OR start the new year the right way with the return of Sweat and Superfoods on 1/1 as I lead you through a 30-minute lifting technique class and a 60-minute full body workout, followed by Superfood Smoothies and a discussion on the benefits of weightlifting for women. 

To grab your tickets for both these events head to:

I can't wait to see you there! 


Hormonal Health: for Women in Your 20's, 30's, 40's and Beyond, An Introduction

I suggest to all my female clients to consider hormone balance as a key aspect of health from their early 20’s, right through to their mid 50’s. Hormone balance is important for everyone, but especially for women as their bodies may go through huge hormone shifts in these decades, such as pregnancy in their 20’s, 30’s and 40’s, and pre-menopause (starting from your mid 30’s), peri-menopause and menopause in their early 50’s.

We are also subject to so many more hormonal stressors in today’s modern society, such as environmental toxins, electrical stressors, poor quality food, medications, and inactivity, that we need to be pro-active in our approach to a healthy endocrine system.

I urge female clients to have considered their hormonal health years (not months) before they wish to start a family, or before menopause starts. I have just turned 37 and am really focusing on stabilizing my cortisol and insulin, and managing my estrogen, so I can sail through menopause!

Hormone imbalances can cause:  

  • weight gain or weight loss
  • low energy and fatigue
  • disrupted sleep
  • lowered immune system
  • irregular or painful menstrual cycles
  •  fertility challenges
  •  poor skin, hair, and nails
  • lack of focus and concentration
  • low libido
  • mood swings
  • storage of excess body fat

Factors affecting hormone balance include: 

  • diet
  • lifestyle (e.g. stress, not getting enough sleep)
  • environmental toxins
  • gut health
  • genetics 
  • age
  • exercise
  • supplements

A part of the Endocrine System that we don’t always take into consideration are our fat cells. It wasn’t until quite recently that fat cells were thought to be benign, but we now know they are hormone-producing factories, producing hormones involved with sexual and reproductive function, inflammation regulation, blood clotting, blood pressure, insulting and blood glucose, and energy production from fat.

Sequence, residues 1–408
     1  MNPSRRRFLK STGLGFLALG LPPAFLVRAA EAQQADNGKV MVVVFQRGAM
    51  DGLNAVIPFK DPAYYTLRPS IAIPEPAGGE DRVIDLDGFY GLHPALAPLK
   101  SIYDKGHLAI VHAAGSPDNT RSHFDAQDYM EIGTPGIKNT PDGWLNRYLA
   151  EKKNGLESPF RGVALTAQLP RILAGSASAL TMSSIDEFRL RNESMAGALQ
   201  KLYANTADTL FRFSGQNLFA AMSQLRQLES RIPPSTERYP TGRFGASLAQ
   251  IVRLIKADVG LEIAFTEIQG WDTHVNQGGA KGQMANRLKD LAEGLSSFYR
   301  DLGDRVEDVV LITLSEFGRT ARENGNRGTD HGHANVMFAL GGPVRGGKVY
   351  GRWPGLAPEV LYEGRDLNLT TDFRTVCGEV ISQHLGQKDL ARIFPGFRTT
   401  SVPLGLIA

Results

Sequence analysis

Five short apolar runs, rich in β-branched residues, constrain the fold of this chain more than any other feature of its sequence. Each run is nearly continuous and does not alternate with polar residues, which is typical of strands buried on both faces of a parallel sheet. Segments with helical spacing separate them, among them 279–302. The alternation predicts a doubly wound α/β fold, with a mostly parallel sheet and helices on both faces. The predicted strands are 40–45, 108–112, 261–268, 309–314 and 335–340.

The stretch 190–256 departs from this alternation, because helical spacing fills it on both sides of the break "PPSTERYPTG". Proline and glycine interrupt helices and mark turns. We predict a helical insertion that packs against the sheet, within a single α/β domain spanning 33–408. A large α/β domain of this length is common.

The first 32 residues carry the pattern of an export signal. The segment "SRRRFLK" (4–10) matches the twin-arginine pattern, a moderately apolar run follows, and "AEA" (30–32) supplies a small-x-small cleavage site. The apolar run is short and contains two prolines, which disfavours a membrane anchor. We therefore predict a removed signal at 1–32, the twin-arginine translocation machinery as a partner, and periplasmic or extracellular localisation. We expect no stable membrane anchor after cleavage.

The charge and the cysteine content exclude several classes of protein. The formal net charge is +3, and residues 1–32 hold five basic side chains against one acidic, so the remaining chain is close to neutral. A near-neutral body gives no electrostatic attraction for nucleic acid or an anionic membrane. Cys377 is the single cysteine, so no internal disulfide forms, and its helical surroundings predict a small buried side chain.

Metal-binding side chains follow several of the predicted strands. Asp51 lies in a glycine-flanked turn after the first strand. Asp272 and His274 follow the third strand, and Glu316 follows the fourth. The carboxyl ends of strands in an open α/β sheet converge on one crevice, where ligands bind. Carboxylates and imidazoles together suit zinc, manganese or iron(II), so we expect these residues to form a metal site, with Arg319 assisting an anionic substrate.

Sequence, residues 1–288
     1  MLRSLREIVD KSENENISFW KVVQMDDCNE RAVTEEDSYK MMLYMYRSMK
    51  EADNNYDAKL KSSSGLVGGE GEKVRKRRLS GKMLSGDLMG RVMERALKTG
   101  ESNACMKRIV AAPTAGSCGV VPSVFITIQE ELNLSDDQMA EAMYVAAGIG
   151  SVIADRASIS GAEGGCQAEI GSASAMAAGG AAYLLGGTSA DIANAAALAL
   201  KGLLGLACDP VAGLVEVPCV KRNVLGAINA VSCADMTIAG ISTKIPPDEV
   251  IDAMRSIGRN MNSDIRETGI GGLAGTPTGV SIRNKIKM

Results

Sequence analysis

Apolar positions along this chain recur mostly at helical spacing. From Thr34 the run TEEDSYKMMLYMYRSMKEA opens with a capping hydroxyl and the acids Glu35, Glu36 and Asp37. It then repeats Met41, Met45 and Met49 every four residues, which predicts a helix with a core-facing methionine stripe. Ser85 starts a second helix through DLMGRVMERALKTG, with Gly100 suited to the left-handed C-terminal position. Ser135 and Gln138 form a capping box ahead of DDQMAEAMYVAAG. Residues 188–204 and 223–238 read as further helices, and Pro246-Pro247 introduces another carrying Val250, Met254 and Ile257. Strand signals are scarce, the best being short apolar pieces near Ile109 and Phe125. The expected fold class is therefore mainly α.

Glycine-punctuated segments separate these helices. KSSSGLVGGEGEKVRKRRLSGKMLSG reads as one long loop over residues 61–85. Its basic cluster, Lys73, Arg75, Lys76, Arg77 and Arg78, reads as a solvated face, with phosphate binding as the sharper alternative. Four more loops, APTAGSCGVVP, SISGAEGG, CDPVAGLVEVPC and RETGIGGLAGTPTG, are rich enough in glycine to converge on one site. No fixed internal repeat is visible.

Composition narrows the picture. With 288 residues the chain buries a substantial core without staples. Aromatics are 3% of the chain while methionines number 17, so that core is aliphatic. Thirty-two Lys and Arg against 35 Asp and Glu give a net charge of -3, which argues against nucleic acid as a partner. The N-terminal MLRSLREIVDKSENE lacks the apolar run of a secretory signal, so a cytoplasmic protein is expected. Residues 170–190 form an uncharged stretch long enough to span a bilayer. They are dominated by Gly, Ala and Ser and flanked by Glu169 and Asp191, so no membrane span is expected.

Follow my 10 PRIME Principles to help balance Hormonal Health

How to test for hormone imbalances:

 The tricky thing about testing for hormonal imbalances is that quite often symptoms can look very similar from imbalance to imbalance, and as we know if one hormone is out of balance the others will most likely be too. 

Also when we see a conventional doctor for blood panels sometimes they are reluctant to do them, and the ranges they look at are in the ‘surviving range’ as opposed to the ‘thriving range’. 

But I think perhaps the biggest challenge here is the conventional medicine viewpoint on hormonal health, sadly, most of the time you will either be dismissed as just tired or stressed, or given a medication to treat the symptoms (rather than deal with the cause) such as an anti-depressant or the contraceptive pill. 

There are two options here: if you have a doctor willing to do the panels (there will be a co-pay), then you can come to see a nutritionist or health coach like myself, who understands how to read blood work and is experienced in doing it (always ask first).

If you were to come to me I would ask you to keep a diary of symptoms for a couple of weeks, review this, and give you a list of blood tests to ask your doctor for. I would also ask you to bring me your most recent bloodwork from your yearly appointment as there is so much we can tell from fasting glucose levels, inflammation markers, vitamin and mineral status, etc. before we go into specific endocrine panels.

If we do take the hormone testing route, then it will always be a couple of panels, for example, Cortisol and Thyroid, as these imbalances often go hand in hand. Then you can get your tests and bring them back to me, we can go through them looking at them through the lens of being pro-active, preventative, and helping you thrive, not survive. We can then develop a nutrition and supplement, fitness and wellbeing program armed with this information. 

If you do not have a doctor willing to run the bloodwork for you (and take you seriously), then I suggest you find a healthcare provider who does (look for a Functional MD / Integrative / Holistic Doctor. They can then run the bloodwork, then do the same as I would do, or refer you out to someone like me. 


  • Hormonal balance should be a health priority
  • Take small proactive steps every day (such as my PRIME Principles) to balance hormones
  • Prepare for big hormonal changes such as pregnancy and menopause years (not months) in advance 

This blog post is part of a series on Hormonal Health. For the next part of the series on Cortisol, our stress hormone, head to: